In physics, a vapor (American English) or vapour (British English and Canadian English; see spelling differences) is a substance in the gas phase at a temperature lower than its critical temperature, which means that the vapor can be condensed to a liquid by increasing the pressure on it without reducing the temperature of the vapor. A vapor is different from an aerosol. An aerosol is a suspension of tiny particles of liquid, solid, or both within a gas.
For example, water has a critical temperature of 647 K (374 C; 705 F), which is the highest temperature at which liquid water can exist at any pressure. In the atmosphere at ordinary temperatures gaseous water (known as water vapor) will condense into a liquid if its partial pressure is increased sufficiently.
A vapor may co-exist with a liquid (or a solid). When this is true, the two phases will be in equilibrium, and the gas-partial pressure will be equal to the equilibrium vapor pressure of the liquid (or solid).
Vapor refers to a gas phase at a temperature where the same substance can also exist in the liquid or solid state, below the critical temperature of the substance. (For example, water has a critical temperature of 374 C (647 K), which is the highest temperature at which liquid water can exist.) If the vapor is in contact with a liquid or solid phase, the two phases will be in a state of equilibrium. The term gas refers to a compressible fluid phase. Fixed gases are gases for which no liquid or solid can form at the temperature of the gas, such as air at typical ambient temperatures. A liquid or solid does not have to boil to release a vapor.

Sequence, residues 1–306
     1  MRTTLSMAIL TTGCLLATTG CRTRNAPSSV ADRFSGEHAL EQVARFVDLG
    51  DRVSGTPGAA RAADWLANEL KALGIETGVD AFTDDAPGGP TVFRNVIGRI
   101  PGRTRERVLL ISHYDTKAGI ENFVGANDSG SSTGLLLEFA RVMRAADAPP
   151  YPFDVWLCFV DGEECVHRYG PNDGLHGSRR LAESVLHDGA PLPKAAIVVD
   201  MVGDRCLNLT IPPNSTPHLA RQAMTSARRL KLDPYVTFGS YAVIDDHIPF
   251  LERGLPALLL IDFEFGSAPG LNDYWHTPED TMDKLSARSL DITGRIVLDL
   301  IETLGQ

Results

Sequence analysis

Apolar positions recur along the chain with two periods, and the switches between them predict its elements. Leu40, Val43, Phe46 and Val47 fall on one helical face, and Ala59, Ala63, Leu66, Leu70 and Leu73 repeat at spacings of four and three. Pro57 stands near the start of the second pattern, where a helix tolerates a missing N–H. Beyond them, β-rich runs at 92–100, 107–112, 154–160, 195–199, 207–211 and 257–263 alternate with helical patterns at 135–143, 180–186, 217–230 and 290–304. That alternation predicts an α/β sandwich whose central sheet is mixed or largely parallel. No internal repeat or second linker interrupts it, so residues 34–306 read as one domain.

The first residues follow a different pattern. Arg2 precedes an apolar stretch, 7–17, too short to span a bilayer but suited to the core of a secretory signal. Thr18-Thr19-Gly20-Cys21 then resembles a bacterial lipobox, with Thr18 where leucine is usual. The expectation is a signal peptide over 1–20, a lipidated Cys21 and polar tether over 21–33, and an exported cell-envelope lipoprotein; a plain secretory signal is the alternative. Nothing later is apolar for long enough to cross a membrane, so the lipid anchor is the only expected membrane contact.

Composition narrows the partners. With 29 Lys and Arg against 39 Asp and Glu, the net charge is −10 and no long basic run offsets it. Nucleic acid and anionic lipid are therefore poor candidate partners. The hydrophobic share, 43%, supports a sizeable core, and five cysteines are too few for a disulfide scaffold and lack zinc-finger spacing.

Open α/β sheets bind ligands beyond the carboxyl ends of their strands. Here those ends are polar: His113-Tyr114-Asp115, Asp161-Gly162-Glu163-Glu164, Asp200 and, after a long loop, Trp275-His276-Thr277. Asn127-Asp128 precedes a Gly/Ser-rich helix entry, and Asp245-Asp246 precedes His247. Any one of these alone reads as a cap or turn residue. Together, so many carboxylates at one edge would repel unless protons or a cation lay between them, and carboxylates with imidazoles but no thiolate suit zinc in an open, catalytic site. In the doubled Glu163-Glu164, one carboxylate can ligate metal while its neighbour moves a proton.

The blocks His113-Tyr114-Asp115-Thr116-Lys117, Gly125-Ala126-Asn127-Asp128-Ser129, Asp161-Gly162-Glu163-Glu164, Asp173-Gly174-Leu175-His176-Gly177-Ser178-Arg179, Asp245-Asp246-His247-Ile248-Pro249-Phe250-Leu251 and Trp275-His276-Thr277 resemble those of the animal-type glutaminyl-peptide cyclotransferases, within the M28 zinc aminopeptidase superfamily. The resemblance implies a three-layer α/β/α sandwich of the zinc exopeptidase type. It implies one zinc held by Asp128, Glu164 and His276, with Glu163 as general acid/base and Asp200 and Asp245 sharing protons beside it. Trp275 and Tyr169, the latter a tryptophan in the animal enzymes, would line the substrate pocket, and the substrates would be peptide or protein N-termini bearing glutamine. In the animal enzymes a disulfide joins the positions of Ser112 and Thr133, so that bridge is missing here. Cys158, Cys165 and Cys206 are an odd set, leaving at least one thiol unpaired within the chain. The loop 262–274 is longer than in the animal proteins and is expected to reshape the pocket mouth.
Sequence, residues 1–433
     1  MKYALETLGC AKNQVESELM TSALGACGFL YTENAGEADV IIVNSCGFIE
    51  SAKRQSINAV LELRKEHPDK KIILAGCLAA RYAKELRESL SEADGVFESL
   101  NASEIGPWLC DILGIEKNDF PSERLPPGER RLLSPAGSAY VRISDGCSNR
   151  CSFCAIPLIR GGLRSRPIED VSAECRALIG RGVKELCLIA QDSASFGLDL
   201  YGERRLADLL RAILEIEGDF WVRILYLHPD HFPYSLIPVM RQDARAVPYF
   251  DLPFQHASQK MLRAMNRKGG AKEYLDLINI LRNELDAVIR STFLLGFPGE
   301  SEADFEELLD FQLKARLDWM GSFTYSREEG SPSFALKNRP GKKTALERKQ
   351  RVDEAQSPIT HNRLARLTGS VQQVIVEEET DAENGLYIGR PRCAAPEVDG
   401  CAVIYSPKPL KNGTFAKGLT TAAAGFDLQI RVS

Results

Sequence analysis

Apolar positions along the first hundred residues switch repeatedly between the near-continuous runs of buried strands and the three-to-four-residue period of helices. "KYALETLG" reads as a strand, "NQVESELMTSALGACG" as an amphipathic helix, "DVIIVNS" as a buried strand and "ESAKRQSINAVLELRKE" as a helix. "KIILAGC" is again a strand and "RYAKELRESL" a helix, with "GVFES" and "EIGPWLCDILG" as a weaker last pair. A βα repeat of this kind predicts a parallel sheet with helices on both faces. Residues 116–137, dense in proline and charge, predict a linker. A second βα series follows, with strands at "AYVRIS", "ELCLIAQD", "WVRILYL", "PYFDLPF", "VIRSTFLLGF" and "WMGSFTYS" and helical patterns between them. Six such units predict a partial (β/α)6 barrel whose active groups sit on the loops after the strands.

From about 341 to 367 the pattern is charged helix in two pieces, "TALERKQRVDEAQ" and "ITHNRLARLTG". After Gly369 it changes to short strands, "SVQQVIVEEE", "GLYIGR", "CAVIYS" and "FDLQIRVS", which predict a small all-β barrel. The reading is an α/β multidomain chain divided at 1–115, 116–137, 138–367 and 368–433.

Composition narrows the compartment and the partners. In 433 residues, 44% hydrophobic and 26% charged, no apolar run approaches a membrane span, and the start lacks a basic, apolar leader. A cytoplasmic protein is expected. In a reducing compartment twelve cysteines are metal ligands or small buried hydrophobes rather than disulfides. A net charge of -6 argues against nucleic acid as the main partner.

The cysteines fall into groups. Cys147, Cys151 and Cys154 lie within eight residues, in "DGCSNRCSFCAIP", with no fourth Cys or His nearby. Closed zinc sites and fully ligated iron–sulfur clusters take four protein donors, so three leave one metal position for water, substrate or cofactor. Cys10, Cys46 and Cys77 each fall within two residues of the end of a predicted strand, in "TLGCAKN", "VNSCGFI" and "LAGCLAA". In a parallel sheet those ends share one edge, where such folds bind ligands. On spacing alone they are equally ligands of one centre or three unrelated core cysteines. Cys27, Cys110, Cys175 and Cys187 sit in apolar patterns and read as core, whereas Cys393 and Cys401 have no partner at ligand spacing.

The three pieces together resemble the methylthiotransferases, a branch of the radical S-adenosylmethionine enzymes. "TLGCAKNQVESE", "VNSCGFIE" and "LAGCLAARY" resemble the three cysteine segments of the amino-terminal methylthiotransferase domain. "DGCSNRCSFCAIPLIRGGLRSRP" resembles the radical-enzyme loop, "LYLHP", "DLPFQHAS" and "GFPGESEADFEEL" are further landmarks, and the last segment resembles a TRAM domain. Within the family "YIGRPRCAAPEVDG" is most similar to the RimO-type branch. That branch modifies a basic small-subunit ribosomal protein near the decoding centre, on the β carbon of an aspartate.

The vapor pressure is the equilibrium pressure from a liquid or a solid at a specific temperature. The equilibrium vapor pressure of a liquid or solid is not affected by the amount of contact with the liquid or solid interface.
For two-phase systems (e.g., two liquid phases), the vapor pressure of the individual phases are equal. In the absence of stronger inter-species attractions between like-like or like-unlike molecules, the vapor pressure follows Raoult's law, which states that the partial pressure of each component is the product of the vapor pressure of the pure component and its mole fraction in the mixture. The total vapor pressure is the sum of the component partial pressures.
Since it is in the gas phase, the amount of vapor present is quantified by the partial pressure of the gas. Also, vapors obey the barometric formula in a gravitational field, just as conventional atmospheric gases do.
Speakers of the English language, mindful of the lightness and unsubstantiality of floating air and gas, have put several airy words to good use over the years to describe the act of talking idly or boastfully. The earliest such word is blow (as in "he kept blowing about his new job"), which drifted into English sometime about 1400. Vapor wafted into the language in the 1620s, and a little over 200 years later windbags, later also known as gasbags, not only blew and vapored but also gassed about anything they could.